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      Subthalamic Nucleus Deep Brain Stimulation Does Not Modify the Functional Deficits or Axonopathy Induced by Nigrostriatal α-Synuclein Overexpression

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          Abstract

          Subthalamic nucleus deep brain stimulation (STN DBS) protects dopaminergic neurons of the substantia nigra pars compacta (SNpc) against 6-OHDA and MPTP. We evaluated STN DBS in a parkinsonian model that displays α-synuclein pathology using unilateral, intranigral injections of recombinant adeno-associated virus pseudotype 2/5 to overexpress wildtype human α-synuclein (rAAV2/5 α-syn). A low titer of rAAV2/5 α-syn results in progressive forelimb asymmetry, loss of striatal dopaminergic terminal density and modest loss of SNpc dopamine neurons after eight weeks, corresponding to robust human- Snca expression and no effect on rat- Snca, Th, Bdnf or Trk2. α-syn overexpression increased phosphorylation of ribosomal protein S6 (p-rpS6) in SNpc neurons, a readout of trkB activation. Rats received intranigral injections of rAAV2/5 α-syn and three weeks later received four weeks of STN DBS or electrode implantation that remained inactive. STN DBS did not protect against α-syn-mediated deficits in forelimb akinesia, striatal denervation or loss of SNpc neuron, nor did STN DBS elevate p-rpS6 levels further. ON stimulation, forelimb asymmetry was exacerbated, indicating α-syn overexpression-mediated neurotransmission deficits. These results demonstrate that STN DBS does not protect the nigrostriatal system against α-syn overexpression-mediated toxicity. Whether STN DBS can be protective in other models of synucleinopathy is unknown.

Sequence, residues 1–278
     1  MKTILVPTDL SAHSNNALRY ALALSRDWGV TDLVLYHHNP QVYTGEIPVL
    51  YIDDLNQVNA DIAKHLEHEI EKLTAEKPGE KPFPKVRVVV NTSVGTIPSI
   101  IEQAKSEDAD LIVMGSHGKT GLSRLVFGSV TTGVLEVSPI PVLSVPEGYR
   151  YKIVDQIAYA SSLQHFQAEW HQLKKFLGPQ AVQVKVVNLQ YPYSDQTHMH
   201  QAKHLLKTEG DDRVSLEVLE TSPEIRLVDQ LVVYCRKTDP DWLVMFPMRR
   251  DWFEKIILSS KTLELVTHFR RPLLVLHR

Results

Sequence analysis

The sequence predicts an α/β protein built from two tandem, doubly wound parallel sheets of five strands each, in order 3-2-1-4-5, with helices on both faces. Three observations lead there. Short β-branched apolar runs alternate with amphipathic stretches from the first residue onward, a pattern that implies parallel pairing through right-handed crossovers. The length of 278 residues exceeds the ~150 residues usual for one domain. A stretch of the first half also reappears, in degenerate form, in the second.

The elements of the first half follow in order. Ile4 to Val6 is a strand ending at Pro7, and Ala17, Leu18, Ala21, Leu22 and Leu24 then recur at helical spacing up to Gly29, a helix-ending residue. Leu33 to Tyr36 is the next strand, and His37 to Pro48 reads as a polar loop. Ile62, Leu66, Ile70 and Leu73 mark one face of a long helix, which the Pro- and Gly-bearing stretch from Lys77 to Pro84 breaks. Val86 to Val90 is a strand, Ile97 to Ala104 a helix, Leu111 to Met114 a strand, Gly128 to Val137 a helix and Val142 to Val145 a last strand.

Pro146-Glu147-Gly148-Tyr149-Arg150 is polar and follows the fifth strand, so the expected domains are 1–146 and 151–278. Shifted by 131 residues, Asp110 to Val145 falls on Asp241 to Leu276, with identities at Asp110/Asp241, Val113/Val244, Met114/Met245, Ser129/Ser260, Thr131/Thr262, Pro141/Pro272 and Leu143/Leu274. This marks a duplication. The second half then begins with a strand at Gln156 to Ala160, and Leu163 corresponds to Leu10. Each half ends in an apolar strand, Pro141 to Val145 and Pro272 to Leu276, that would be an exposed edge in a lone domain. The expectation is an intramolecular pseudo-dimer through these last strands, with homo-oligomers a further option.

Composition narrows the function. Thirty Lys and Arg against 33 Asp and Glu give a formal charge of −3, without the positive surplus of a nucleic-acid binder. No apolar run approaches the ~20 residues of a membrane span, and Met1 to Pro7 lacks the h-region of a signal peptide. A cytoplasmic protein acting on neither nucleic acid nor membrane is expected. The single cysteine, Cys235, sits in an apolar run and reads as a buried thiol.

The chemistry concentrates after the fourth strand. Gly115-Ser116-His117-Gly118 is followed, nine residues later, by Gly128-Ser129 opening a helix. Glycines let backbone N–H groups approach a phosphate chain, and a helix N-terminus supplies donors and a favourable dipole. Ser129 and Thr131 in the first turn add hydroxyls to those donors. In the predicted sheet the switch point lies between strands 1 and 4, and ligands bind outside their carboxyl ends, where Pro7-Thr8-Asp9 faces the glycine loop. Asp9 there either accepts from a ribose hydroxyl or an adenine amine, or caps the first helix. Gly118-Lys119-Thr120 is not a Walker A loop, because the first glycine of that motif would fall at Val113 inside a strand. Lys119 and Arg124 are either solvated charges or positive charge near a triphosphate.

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          Most cited references 85

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          Relative expression software tool (REST) for group-wise comparison and statistical analysis of relative expression results in real-time PCR.

           M. Pfaffl (2002)